More About SLAIS
The history of the School explains why today it is able to offer a range
of programmes unrivalled in both depth and diversity. Set up at UCL in
1919 as the School of Librarianship, it was the first of its kind in Britain;
the study of Archive Administration was added in 1947. The MA in Library
& Information Studies and the MA in Archives & Records Management continue
to provide graduate entry respectively to a wide range of information-related
addition to these established programmes, the School has introduced within
recent years a BSc in Information Management; and specialized, conversion
and mid-career Masters' programmes (also available through Diploma and
Certificate options). Of the Masters' programmes, the MA in Records &
Archives Management (International) is geared to the needs of overseas
students, largely from the developing world; the MA in Electronic Communication
& Publishing is intended to convert graduates from other disciplines into
multimedia publishing professionals; and the MSc in Information Science
enables practising information professionals to update their skills in
the use of computers and automated systems.
The student profile is varied in terms of backgrounds and interests with
approximately one quarter of students from outside the United Kingdom.
Masters courses can be taken full-time over one year or part-time over
two years, or, in some cases, as a modular degree. Many students enter
the MA in Library & Information Studies and the MA in Archives &
Records Management after a one-year traineeship following their first
degree, but there is a growing number of older students embarking on a
change of career or acquiring a professional qualification in a field
where they already have work experience.
home students are eligible for AHRB awards and the School has a high success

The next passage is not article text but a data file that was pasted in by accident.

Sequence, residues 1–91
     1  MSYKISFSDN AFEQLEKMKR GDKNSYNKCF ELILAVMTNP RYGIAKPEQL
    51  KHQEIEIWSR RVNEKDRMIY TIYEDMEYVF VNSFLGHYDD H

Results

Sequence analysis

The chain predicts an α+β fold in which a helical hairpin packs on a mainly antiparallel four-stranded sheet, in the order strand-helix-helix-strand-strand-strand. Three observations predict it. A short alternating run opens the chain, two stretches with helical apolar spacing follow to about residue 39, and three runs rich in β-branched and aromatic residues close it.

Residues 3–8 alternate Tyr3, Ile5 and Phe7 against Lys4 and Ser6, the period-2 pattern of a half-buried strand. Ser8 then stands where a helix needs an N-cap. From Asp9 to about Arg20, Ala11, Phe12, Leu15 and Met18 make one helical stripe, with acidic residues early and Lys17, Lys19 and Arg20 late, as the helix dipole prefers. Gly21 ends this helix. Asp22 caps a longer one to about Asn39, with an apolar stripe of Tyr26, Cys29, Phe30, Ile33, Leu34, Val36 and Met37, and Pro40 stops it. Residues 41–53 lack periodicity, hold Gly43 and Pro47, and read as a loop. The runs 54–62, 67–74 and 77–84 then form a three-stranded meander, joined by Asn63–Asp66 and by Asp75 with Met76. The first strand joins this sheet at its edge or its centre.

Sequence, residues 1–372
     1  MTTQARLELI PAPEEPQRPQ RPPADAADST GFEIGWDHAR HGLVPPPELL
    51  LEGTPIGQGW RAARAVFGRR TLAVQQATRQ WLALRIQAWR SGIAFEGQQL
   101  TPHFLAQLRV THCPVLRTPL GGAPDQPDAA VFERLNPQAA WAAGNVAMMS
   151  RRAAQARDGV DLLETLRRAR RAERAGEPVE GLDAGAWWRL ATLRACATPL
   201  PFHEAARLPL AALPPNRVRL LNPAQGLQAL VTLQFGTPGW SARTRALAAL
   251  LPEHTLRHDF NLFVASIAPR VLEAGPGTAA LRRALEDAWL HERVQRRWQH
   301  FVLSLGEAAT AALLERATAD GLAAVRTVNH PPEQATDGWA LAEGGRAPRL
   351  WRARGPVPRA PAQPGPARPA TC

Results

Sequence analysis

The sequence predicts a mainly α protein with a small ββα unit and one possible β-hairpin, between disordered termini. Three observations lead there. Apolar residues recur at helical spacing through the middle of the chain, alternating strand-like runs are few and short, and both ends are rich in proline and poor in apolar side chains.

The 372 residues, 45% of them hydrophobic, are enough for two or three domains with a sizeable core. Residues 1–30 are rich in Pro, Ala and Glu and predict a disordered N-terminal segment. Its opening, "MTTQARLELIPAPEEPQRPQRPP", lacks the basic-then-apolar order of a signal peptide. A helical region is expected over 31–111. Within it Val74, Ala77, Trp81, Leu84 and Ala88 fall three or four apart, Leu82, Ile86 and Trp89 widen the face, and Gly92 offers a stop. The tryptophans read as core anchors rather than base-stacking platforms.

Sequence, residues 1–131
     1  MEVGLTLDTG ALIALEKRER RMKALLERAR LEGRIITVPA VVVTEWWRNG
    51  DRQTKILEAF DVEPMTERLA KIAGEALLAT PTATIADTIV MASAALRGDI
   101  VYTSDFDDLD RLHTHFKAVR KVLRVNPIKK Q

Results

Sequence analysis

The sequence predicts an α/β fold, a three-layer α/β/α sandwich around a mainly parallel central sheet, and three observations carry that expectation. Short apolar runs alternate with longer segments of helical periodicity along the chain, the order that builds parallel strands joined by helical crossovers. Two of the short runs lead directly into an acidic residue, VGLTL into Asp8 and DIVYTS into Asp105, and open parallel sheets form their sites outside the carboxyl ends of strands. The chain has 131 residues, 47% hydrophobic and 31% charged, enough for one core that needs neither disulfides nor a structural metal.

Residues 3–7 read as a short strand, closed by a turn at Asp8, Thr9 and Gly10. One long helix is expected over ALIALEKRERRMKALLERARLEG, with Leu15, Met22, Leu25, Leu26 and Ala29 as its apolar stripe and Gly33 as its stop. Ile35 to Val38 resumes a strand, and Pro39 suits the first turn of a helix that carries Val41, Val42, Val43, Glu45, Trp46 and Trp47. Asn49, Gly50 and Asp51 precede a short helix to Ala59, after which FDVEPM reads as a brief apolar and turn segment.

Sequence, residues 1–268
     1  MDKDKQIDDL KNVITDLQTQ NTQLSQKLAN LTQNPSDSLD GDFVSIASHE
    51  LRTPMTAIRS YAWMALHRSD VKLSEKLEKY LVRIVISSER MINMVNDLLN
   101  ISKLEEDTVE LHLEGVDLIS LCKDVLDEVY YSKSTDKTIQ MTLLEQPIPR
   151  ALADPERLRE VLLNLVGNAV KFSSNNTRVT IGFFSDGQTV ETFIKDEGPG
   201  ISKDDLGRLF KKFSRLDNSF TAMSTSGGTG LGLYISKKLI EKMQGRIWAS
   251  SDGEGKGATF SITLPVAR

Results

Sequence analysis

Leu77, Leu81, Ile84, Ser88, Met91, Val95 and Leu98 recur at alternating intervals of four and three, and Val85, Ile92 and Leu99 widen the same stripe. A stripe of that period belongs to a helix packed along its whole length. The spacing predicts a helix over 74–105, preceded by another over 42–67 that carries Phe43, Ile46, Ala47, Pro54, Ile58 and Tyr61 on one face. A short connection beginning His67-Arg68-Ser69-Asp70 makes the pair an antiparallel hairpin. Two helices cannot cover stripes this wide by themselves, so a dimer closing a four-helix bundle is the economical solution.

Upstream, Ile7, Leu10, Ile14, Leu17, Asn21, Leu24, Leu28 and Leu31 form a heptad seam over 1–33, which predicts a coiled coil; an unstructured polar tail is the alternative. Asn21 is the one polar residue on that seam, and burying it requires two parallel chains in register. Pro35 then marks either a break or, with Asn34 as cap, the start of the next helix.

rate in obtaining AHRB funding for suitably qualified candidates. Success
in finding jobs on graduation is also excellent with over ninety percent
of graduates in employment within six months of completing their courses
and the majority considerably earlier than that.
undergraduates are accepted as post-A level candidates, with a wide subject
range of A level or equivalent qualifications which reflects the multi-disciplinary
nature of the BSc. Entrance is highly competitive. Graduates from this
course frequently enter careers in business and finance, join consultancies
or set up their own businesses and their success rate in finding employment
present there are approximately twenty research students researching a
wide range of PhD topics.
The Research Students Group
meets regularly to provide an academic framework for individual postgraduate
seminars and to act as a support group.
are exposed to a wide range of learning experiences including lectures,
seminars, tutorials, laboratory sessions, group work and practical exercises.
The School has a long tradition of ready access to staff by its students
and encourages an "open-door" policy. The system of personal tutors who
monitor academic and personal progress and, where necessary, raise non-confidential
matters at departmental staff or teaching committee meetings ensures regular
contact with students. All members of staff have clearly advertized office
hours when they are normally available to students.
Research at the School concentrates on the following areas:
- Classification: revision of the Universal Decimal Classification,
currently work on the revision of Theology, Physics and Chemistry, Medicine,